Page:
A world-first hydrogen trail is set for Gladstone, aimed at reducing emissions and boosting the local industry.
The Albanese Government is backing the $111.1 million Yarwun renewable hydrogen calcination trial by Rio Tinto and Sumitomo Corporation at Yarwun Alumina Refinery.
Alumina is a critical part of the aluminium supply chain, a metal used in countless products across the economy, from kitchen utensils and food and drink cans to window frames, cars and aircraft parts.
Alumina refining accounts for about 3% of Australia’s emissions and is an energy-intensive process, consuming more than twice the energy used by Tasmania.
Using renewable hydrogen could eliminate emissions from the calcination process, which represents up to 30% of alumina refining emissions.
This critical investment will help install a 2.5 MW onsite electrolyser, a hydrogen storage facility, and a hydrogen-capable burner to retrofit one of the refinery’s 4 calciners – which are the large industrial ovens used in alumina refining.
The project is expected to be commissioned in 2025 and will form a key role in the wider transformation and decarbonisation of Gladstone’s industrial hub.
Minister for Climate Change and Energy, Chris Bowen, says innovative technology like this was critical for decarbonising heavy industry.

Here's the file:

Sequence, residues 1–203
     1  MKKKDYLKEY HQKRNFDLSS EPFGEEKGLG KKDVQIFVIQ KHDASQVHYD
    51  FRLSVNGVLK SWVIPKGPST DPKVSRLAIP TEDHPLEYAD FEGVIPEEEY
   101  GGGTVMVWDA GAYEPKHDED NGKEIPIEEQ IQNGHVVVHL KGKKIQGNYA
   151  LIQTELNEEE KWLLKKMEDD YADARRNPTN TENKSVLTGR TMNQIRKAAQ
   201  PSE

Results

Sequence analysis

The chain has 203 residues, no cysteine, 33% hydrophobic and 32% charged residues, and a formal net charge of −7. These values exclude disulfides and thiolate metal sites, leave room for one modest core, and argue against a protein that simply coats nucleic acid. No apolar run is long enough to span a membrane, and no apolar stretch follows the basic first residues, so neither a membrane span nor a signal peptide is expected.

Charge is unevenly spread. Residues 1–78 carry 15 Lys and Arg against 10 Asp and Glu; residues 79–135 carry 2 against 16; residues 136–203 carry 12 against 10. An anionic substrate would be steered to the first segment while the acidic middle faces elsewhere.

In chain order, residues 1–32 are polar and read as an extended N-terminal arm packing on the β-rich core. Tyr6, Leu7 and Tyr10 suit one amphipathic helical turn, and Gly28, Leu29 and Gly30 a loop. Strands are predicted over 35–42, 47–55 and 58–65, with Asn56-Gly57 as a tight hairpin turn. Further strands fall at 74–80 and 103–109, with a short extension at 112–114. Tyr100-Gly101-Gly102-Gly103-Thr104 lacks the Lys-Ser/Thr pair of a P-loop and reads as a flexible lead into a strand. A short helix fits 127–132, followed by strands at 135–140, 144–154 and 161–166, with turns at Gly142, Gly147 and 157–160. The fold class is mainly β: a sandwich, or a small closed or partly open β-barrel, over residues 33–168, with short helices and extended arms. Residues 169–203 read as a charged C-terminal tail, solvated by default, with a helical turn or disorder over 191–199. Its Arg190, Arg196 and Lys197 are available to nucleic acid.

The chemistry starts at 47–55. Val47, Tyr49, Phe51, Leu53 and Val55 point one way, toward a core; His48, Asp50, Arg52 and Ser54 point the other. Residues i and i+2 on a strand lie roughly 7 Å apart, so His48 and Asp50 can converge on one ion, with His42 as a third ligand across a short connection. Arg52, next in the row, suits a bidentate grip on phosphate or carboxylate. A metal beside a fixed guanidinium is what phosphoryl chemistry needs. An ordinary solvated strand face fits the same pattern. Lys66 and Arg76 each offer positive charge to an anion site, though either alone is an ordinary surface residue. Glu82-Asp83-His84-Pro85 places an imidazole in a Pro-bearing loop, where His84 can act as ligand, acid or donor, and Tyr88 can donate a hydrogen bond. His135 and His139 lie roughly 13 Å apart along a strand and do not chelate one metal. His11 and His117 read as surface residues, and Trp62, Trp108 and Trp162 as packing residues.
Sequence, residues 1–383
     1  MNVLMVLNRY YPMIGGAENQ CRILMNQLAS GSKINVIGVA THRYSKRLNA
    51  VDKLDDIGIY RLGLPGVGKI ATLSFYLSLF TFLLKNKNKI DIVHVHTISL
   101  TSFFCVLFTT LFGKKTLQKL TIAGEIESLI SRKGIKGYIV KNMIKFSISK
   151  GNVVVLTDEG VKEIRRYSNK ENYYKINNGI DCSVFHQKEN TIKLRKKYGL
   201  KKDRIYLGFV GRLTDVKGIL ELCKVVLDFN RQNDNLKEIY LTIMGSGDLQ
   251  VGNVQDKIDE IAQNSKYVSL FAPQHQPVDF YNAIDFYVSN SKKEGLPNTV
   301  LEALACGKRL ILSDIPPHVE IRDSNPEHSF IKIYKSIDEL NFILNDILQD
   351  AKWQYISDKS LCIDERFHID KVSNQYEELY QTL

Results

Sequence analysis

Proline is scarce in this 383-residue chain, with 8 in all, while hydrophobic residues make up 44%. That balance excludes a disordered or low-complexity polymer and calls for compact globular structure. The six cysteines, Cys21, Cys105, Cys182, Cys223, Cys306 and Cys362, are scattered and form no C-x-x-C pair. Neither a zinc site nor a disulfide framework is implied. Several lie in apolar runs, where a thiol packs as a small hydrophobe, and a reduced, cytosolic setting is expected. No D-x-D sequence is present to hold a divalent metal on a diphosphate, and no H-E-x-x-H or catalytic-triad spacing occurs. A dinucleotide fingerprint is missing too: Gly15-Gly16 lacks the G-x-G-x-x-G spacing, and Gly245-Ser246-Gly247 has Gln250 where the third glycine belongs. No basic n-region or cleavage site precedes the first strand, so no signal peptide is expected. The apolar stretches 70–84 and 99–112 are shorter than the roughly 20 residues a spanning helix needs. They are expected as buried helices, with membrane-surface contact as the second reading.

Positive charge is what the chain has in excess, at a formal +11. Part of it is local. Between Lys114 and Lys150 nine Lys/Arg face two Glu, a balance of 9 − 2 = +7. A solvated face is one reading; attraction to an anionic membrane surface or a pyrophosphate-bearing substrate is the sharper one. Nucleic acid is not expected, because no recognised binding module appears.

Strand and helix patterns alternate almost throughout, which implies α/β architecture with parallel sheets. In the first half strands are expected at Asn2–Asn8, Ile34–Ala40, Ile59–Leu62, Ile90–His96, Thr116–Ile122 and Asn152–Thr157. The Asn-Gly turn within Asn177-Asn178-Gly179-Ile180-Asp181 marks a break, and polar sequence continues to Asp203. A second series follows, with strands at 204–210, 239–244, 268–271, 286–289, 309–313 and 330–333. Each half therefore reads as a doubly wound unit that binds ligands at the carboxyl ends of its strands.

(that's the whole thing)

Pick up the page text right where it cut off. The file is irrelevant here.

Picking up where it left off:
“The Albanese Government’s announcement today is about backing the future of our jobs rich aluminium industry, which brings in around $14 billion in export revenue each year and employs more than 17,000 Australians,” says Minister Bowen.
“Australia is the world’s largest exporter of alumina and cutting emissions from our alumina refining will ensure this industry can continue to thrive in a decarbonising global economy – where 139 countries have net zero by 2050 commitments.
“This technology could also pave the way for other hard-to-abate sectors to reduce their emissions” says Minister Bowen.
Assistant Minister for Regional Development and Senator for Queensland, Anthony Chisholm, says this kind of industrial and economic opportunity will be a significant driver of future prosperity in Central Queensland.
“While reducing our emissions in heavy industry, investment in Central Queensland’s hydrogen capabilities means the region can make and export everything from renewable energy to green alumina,” says Senator Chisholm.
“One of Australia’s biggest opportunities for growth and economic success is the global shift to clean energy.”